Posted in International Criminal Court (ICC), International Criminal Justice, Russia, Ukraine | Tagged | 12 Comments

Bosco ‘The Terminator’ Ntaganda Goes on Trial: Should Kagame Be Afraid?

Bosco Ntaganda (Photo: Alain Wandimoyi / EPA)

Bosco Ntaganda (Photo: Alain Wandimoyi / EPA)

Nine years after he was originally indicted and over two years after he shocked the world by walking into the American Embassy in Kigali, Rwanda, and asking to be hauled off to The Hague, the trial of Bosco ‘The Terminator’ Ntaganda has finally began at the International Criminal Court (ICC). Ntaganda, a chief warlord in a panoply of rebel movements in the eastern Ituri Province of the Democratic Republic of Congo (DRC) faces thirteen charges of war crimes and five charges of crimes against humanity. Born in Rwanda, Ntaganda also happens to have been a pawn and partner of the Rwandan government, raising the question: does his trial at the ICC pose a threat to the regime of Rwandan President Paul Kagame?

For years now, there has been a growing cohort of scholars, advocates and political figures pushing for investigations into the alleged atrocities committed or sponsored by Rwandan government forces and agents. Their efforts can be divided into three broad aims: one, accountability for alleged mass atrocities committed by Kagame’s Rwandan Patriotic Front (RPF) prior to and in the wake of the 1994 Rwandan Genocide, as laid out in detail in a 2010 United Nations report; two, accountability for aiding and abetting the commission of atrocities by rebel factions in the region; and three, accountability for repressive and violent tactics, including targeted assassinations and torture, deployed against domestic opponents of the Kagame government. Through it all, Kagame has been somewhat of a teflon man. No charges have stuck and, to date, no efforts at a thorough and independent investigation have led to much more than a series of false starts.

Rwanda has proven to be a rather curious case for international justice. While it is the focus of a tribunal that bears its name, the International Criminal Tribunal for Rwanda (ICTR) has a highly restricted temporal jurisdiction which is limited to 1994, the year the Genocide took place. The ICTR, based in Arusha, Tanzania, has experienced a quixotic and often fraught relationship with Kigali despite the fact that it has focused exclusively on the regime’s former enemies – Hutu perpetrators of the genocide. Periodic attempts to expand the reach of the tribunal have been met with sharp condemnation from Kagame and rebukes from the international community. Former Chief Prosecutor of the ICTR Carla Del Ponte has written that she was effectively fired from her position by the UN Security Council after she pushed for investigations into RPF crimes.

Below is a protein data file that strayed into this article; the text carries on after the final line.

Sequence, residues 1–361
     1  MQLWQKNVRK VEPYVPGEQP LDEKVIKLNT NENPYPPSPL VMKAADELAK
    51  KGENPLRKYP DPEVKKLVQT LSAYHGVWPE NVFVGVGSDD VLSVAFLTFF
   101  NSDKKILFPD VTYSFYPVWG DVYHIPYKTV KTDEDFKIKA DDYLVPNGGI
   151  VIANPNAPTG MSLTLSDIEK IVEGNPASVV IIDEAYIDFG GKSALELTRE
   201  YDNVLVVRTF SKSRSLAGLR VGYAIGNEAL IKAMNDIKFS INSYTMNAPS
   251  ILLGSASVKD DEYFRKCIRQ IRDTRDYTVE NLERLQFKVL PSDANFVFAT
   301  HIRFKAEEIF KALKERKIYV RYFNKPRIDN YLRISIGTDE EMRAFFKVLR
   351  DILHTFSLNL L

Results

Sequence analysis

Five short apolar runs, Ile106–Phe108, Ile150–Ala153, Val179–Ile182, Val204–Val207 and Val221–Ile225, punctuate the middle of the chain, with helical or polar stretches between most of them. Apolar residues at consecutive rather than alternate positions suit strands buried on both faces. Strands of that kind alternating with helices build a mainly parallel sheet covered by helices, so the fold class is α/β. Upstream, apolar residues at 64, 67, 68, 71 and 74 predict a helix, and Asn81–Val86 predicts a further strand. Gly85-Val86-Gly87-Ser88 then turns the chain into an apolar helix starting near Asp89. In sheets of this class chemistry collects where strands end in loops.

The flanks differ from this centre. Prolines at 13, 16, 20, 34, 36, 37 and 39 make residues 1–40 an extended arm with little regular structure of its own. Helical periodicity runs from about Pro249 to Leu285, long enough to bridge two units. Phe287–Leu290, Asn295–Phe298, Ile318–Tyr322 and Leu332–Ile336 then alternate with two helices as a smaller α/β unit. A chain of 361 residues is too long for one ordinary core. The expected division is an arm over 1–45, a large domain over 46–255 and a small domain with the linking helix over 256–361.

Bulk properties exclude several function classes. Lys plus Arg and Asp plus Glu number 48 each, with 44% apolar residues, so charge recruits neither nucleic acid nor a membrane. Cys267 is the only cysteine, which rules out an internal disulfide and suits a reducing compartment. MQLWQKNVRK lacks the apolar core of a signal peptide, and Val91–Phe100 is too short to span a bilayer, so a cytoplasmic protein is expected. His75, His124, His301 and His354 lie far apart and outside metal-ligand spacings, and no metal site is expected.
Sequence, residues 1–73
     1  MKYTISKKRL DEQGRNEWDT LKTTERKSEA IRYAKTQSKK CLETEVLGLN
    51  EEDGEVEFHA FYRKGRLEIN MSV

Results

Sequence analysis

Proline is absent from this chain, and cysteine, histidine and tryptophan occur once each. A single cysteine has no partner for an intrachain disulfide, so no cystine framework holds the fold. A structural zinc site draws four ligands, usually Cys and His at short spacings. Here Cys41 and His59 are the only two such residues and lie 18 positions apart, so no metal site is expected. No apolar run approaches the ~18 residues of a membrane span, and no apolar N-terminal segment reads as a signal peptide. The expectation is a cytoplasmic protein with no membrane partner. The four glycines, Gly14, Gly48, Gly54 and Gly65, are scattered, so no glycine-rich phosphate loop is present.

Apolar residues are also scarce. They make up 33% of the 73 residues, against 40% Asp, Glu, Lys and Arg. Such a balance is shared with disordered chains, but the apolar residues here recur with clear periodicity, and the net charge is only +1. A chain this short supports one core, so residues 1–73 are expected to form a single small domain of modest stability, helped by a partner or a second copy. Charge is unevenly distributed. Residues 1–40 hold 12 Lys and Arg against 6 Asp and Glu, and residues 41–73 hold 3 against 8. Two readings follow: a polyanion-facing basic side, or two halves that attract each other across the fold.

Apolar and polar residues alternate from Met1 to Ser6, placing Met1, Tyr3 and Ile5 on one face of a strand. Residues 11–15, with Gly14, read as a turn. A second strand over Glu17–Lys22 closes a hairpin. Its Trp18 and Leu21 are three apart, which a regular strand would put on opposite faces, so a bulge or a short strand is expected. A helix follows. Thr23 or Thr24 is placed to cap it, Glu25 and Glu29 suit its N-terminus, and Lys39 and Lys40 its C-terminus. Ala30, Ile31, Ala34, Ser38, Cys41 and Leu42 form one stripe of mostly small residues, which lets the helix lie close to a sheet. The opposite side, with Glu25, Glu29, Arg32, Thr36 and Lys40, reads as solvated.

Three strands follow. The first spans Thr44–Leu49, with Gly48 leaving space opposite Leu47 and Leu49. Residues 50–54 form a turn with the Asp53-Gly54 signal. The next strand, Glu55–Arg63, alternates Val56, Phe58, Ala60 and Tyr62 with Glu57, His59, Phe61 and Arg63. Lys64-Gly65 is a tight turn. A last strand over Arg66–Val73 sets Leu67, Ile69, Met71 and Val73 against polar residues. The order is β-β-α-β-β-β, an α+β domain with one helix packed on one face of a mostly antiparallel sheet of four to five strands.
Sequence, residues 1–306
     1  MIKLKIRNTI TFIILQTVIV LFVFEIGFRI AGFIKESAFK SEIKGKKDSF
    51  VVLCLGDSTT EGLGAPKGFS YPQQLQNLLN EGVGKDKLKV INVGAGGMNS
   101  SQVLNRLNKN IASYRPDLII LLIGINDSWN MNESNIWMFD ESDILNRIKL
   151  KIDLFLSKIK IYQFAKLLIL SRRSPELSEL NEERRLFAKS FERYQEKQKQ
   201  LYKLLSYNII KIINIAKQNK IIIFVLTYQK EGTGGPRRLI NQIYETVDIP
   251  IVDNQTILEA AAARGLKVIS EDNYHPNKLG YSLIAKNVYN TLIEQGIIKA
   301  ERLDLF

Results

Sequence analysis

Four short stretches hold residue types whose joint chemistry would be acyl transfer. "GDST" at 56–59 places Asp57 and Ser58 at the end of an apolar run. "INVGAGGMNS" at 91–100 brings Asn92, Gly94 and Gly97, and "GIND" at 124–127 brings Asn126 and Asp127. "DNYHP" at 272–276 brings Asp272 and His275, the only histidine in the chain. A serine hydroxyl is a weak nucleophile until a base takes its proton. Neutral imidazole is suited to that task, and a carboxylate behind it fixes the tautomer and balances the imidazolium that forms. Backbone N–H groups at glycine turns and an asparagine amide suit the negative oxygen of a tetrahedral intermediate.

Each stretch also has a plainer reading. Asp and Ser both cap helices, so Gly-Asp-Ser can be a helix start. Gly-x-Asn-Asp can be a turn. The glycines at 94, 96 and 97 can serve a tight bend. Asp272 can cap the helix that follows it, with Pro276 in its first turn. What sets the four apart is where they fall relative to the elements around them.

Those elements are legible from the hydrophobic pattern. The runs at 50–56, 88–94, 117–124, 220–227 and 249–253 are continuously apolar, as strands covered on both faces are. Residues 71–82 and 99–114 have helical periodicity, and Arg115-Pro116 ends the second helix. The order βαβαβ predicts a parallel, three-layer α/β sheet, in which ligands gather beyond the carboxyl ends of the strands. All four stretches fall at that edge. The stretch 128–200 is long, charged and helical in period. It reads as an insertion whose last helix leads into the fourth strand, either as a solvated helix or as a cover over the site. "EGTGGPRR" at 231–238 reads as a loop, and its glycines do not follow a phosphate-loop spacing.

Many blame the lack of progress on the accountability front in Rwanda on what they see as the West’s shielding of the Kagame regime. There is little doubt that Rwanda is seen as an ‘African success story’, particularly in the US and the UK, and that there isn’t much appetite to upset this narrative. Domestically, the suggestion that the RPF or any factions associated with Kagame committed mass atrocities is often interpreted as genocide denial.

At the same time, the average well-being of Rwandans is incomparably better today then it was in the mid-1990s. Progress has been stunning and those members of the international community in the strongest position to push for accountability are also those most wont to do so lest Rwanda’s progress be undermined. I will never forget speaking to a senior jurist on the allegations dogging the Rwandan government and the various calls for justice and accountability. His response could be summed up as: ’Perhaps. But they have WiFi everywhere now!’

Bosco Ntaganda plead not guilty earlier this week at the International Criminal Court (Photo: ICC)

Bosco Ntaganda plead not guilty earlier this week at the International Criminal Court (Photo: ICC)

Still, in recent years, efforts to break through the impunity gap seem to have gained steam. Along with the UN report detailing alleged RPF atrocities after the genocide, General Karenzi Karake, the head of Rwanda’s intelligence services was recently detained in the UK after a Spanish judge charged him with war crimes and crimes against humanity allegedly committed in Rwanda and the DRC between 1990 and 2002. Moreover, when it became blatantly clear that the Kigali was supporting, perhaps even controlling, the Ntaganda-led M23 rebel group in the DRC, Rwanda’s’s traditional Western proponents wavered in what had, until then, been assumed to be unquestioned support. US Ambassador for War Crimes Issues Stephen Rapp went so far as to assert that Rwanda could be open to the war crimes charge of aiding and abetting the M23, comparing the role of Kagame to that of Charles Taylor, the former Liberian President convicted of war crimes in 2013: